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“Your position is being eliminated.”

My boss’ words seemed to hover in the air of our conference room for a few seconds before finally setting in. I had just returned from a business trip in Vegas. I walked into work expecting to carry on the usual day-to-day grind, but instead walked out with a tote bag full of my desk supplies and the reality that my job of only five months was being snatched from underneath me. Without even an inkling of what to do next, I was being shoved back into wilderness, officially jobless.

I felt as though my intuition had failed me. How could I not see this coming? I worked 10-, sometimes 12-hour days for a merciless boss who was notorious for being tough on new employees. I got along with all of my coworkers and always raised my hand for more responsibility. For all intents and purposes, I had proved myself. What had I done wrong? The initial sting of being let go is never easy to stomach, but after a few yoga sessions, a bottle of wine and some much-needed mornings sleeping in, being unemployed started to feel more like I had been gifted with an extended mental health break and less like some practical joke the universe was playing on me. I started jokingly calling myself FUN-employed to friends and family who tried to shower me with sympathy while not fully grasping how I could be taking it so well.

Fast forward six months later… I am STILL unemployed (I know, not the twist you were expecting). Most people who hear that assume that I’ve either had an uphill battle finding work or I’ve been dragging my feet to get a real job. The truth is somewhere in the middle. Getting laid off was the perfectly timed roadblock that appeared right when I needed to start asking myself the tough questions. I had a career, but was I happy? I had a way to pay my bills, but did it excite me to get out of bed each morning? Would I return to my old profession for financial security or finally take a leap of faith and delve into my passion for writing?

After sifting through advice from tons of friends, old colleagues and my parents (who, as you can imagine, pushed the idea of me getting a stable 9-to-5) I felt more confused than ever. I was looking outwardly for the answer that only I could provide. I finally decided there was no better time to start activating my passion and letting hard work and relentlessness cultivate it into something more. During the last six months, I’ve laughed, cried, gone to museums, devoted at least one hour a day to my writing, bartended, worked on my blog, watched tons of new shows, networked, tried new recipes, spent random Tuesday mornings watching the sun come up on my roof, spent time with distant family and lived. Yes, truly LIVED without full-time responsibilities to lean on as excuses. I can honestly say the past six months I’ve had to mentally de-clutter have been the most fulfilling of my life. And I would be remiss if I didn’t share with you what these last unpredictable yet thrilling six months have taught me.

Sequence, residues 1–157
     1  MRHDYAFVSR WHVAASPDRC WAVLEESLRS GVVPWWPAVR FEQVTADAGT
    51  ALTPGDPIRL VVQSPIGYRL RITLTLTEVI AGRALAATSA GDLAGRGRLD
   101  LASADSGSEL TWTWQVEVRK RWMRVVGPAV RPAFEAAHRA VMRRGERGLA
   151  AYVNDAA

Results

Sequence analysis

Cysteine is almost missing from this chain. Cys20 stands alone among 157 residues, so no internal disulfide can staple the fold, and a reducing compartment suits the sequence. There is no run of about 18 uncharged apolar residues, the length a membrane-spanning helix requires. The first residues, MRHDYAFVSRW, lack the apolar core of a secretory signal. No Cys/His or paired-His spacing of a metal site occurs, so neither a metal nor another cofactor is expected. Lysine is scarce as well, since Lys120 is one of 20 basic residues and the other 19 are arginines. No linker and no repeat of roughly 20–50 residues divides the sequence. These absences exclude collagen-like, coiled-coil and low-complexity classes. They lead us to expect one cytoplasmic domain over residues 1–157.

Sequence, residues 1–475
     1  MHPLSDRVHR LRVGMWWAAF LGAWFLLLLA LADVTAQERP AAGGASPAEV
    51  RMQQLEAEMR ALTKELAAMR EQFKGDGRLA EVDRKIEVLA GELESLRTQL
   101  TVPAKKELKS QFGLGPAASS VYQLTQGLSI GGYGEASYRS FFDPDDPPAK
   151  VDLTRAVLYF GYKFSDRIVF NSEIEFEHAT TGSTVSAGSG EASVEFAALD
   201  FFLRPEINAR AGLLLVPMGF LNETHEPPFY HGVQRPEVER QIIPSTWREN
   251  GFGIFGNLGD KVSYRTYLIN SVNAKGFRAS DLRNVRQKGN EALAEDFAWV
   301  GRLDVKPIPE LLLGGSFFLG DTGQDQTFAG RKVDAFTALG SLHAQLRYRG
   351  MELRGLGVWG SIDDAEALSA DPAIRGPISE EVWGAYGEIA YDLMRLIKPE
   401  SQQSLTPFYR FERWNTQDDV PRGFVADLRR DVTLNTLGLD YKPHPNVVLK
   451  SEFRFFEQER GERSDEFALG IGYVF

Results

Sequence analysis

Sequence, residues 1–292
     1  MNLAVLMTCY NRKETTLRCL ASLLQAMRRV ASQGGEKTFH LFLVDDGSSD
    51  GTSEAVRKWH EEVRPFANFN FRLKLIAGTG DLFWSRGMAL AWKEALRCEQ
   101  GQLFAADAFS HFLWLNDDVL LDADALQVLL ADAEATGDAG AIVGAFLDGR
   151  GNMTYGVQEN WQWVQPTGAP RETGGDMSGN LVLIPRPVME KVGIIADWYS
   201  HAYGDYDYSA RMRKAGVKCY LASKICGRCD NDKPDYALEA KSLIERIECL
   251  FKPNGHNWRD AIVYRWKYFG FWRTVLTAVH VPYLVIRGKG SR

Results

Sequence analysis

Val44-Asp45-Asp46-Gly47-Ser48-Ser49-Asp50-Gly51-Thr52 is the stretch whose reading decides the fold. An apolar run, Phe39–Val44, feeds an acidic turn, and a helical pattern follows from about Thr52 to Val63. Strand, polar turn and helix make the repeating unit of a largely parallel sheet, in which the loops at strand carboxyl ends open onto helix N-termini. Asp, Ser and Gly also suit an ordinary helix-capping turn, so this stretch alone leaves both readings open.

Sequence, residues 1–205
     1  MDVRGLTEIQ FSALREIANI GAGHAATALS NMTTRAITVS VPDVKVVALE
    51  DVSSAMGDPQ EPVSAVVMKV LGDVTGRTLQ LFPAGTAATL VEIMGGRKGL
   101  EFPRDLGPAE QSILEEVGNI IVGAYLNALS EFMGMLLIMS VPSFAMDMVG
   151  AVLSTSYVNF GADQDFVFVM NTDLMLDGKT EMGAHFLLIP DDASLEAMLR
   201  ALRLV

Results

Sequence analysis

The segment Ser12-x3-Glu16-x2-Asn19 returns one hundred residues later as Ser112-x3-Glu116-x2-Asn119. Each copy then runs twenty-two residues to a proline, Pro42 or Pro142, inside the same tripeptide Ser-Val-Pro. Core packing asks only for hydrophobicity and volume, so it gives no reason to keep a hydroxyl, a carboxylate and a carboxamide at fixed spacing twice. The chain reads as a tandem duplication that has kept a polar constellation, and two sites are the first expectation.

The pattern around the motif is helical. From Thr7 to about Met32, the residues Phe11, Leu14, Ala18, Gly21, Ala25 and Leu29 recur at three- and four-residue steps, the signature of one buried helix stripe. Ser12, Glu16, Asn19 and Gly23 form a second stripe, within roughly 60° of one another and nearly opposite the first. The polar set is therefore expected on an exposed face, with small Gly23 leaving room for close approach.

Money Isn’t Everything
As cliché as that statement is, I’d like to think that my joy is proof of its validity. When I was working, I could afford to shop and go out to eat much more frequently. But in retrospect my frivolous spending was a Band-Aid to cope with being verbally abused and sabotaged at work with few days off. Now, when I meet up with old friends and family, they smile and say, “You look good.” No, I haven’t lost weight or done anything different with my hair. I am smiling, my personality is vibrant and upbeat, and for once it isn’t a front. It comes from a genuine place of happiness within. You simply can’t buy that.

Time Is The Only Luxury
Though his self-obsessed antics can be eye-roll inducing, Kanye West said it best when he said that time is our only luxury. Having no job and no place to be, it was tempting to sleep until 1pm and lounge around in my PJs while surfing the Internet all day (granted, there were days when I did). But I decided to create a schedule for myself. I would get out of bed at a decent time, flip through my Rolodex of contacts and network. I sent emails to editors I used to freelance for. I’d pitch editors I didn’t know to introduce myself. I wanted to do something each day that would move me closer to my dream and I realized that in doing so, I would gradually see a return on the time I invested.

The More Seeds You Plant, The More Abundant Your Garden
Many people, including myself, never see their goals through to completion because we get so impatient with the process. Unless results appear right now, we quit. Unemployment awakened a beast in me that learned to be persistent without being annoying, that learned to pry open a window when one door closed. Every time I asked for what I wanted, whether a job or freelance assignment, I received it or was redirected to someone that could help. I applied to tons of jobs that I truly wanted and would keep applying even when I heard nothing back or knew that I wasn’t fully qualified. Now, each time I open my inbox, I receive a reply that I never thought I’d get. Can you imagine getting an email months after you thought you’d been rejected saying, “We reviewed your application and want to speak with you further?” The seeds that I planted have finally sprouted. The lesson here is, the more you try, the better your chances are of winning. In a sea of “no’s” there could be one “yes” waiting on you. You just have to keep swimming.

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